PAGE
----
But what about artists you represent who don’t seem to have much to do with one another? Dan Colen doesn’t have much in common with Adrian Piper, for example.
I think Dan is a relevant artist who had enormous success very young, and that is incredibly difficult to manage. He’s quite an illustration of our times. He has a real painterly practice, and a strong knowledge of art history. But I think in that early enormous success, it was hard to manage—he was in his twenties—[and] he got a bit carried away by it and maybe got lost during the success. He lost some of the “bad boy” [image]. Working with him has been really interesting, because I have no doubt that our exhibition in New York [“Mailorder Mother Purgatory” from May 2018] was one of his [best] shows. It had a lot of constraints, a lot of discipline. The same existed for the show at Damien Hirst’s space in London [“Sweet Liberty” at Newport Street Gallery in fall 2017]. That show broke so many boundaries and one could see that there was a true painter and a true sculptor there.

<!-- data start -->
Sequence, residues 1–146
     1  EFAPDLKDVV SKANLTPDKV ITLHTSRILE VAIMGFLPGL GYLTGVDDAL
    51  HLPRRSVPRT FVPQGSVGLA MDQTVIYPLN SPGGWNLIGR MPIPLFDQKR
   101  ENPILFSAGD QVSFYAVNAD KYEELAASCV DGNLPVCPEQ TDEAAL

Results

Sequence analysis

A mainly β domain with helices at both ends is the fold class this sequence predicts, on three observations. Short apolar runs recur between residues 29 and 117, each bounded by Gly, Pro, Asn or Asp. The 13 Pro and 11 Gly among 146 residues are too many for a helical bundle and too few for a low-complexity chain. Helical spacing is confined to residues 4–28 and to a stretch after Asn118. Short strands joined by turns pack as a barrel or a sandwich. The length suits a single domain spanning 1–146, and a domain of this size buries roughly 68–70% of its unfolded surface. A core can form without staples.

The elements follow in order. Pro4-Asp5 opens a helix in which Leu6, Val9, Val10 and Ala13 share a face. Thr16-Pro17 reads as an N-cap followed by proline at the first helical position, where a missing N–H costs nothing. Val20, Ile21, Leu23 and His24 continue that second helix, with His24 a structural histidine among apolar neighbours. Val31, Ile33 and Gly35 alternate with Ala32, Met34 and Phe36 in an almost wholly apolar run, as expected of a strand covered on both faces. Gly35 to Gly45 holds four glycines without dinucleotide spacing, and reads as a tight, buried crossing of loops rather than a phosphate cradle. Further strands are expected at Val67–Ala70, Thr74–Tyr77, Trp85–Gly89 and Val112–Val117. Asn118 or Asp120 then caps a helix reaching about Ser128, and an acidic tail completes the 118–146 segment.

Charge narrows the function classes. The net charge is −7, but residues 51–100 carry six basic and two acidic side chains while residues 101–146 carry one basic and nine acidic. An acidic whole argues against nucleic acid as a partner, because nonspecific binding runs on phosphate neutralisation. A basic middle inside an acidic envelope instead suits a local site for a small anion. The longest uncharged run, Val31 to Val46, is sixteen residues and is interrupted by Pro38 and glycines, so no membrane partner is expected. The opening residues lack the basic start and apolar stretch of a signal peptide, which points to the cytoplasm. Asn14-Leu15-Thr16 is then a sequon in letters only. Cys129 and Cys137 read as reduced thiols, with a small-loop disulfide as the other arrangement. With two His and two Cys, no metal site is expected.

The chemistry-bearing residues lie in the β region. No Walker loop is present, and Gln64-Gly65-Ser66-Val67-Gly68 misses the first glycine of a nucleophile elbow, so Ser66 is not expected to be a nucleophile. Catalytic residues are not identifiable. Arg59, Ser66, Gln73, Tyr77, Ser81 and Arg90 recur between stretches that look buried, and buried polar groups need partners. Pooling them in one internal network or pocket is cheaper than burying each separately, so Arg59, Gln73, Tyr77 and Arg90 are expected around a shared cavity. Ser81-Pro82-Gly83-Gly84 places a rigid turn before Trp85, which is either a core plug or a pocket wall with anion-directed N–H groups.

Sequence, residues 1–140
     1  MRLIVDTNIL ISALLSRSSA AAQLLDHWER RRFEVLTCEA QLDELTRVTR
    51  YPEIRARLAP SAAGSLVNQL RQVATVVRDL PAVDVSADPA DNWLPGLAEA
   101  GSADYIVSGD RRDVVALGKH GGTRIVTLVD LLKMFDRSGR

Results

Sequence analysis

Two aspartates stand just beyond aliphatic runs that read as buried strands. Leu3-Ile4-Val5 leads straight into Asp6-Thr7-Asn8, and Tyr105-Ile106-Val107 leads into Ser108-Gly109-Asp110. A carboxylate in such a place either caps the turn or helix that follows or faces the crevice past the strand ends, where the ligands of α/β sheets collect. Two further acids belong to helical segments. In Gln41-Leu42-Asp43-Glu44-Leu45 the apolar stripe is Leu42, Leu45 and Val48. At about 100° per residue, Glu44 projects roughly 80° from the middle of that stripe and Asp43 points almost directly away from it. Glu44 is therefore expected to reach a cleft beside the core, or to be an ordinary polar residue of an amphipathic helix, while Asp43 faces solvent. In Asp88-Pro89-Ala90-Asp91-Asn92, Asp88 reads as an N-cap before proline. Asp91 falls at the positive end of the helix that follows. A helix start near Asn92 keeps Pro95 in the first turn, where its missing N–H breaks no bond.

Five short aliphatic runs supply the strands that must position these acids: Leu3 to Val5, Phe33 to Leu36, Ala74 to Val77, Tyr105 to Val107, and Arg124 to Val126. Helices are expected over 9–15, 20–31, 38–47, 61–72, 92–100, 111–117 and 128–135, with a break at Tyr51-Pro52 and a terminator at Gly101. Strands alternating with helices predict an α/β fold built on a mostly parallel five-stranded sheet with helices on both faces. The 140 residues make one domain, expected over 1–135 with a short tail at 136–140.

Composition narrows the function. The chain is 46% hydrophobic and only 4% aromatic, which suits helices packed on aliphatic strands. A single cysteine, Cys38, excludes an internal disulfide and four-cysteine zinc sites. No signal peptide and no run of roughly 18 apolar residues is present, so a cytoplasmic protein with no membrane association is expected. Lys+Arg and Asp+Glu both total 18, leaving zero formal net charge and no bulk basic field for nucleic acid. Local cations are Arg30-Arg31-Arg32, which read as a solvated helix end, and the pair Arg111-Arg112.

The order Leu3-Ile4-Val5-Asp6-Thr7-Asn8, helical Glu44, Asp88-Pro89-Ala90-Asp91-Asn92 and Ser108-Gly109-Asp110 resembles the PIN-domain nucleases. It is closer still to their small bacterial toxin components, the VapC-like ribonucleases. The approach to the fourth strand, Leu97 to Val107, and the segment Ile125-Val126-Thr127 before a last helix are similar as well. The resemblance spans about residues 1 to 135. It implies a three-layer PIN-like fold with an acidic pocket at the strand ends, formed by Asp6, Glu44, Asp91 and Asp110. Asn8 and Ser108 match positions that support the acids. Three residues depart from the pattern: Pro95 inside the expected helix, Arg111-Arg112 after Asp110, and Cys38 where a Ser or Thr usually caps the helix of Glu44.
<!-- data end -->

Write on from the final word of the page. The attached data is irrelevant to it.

In between 20 and 30, who can be absolutely disciplined and pure? These are the years of exploration, not maturity. We are seeing this with more artists from this generation who found that success in their twenties, and they become open to growing up. I think Dan is in that beautiful transition moment. After Richard Prince, he and Nate Lowman are the two really profound New York artists to me.
Your business partner Brett Gorvy said that the aim with your Hong Kong gallery was to operate a bit like a German kunstverein, a kind of experimental center with a younger perspective. How does that youthful ideal fit into your bigger plans?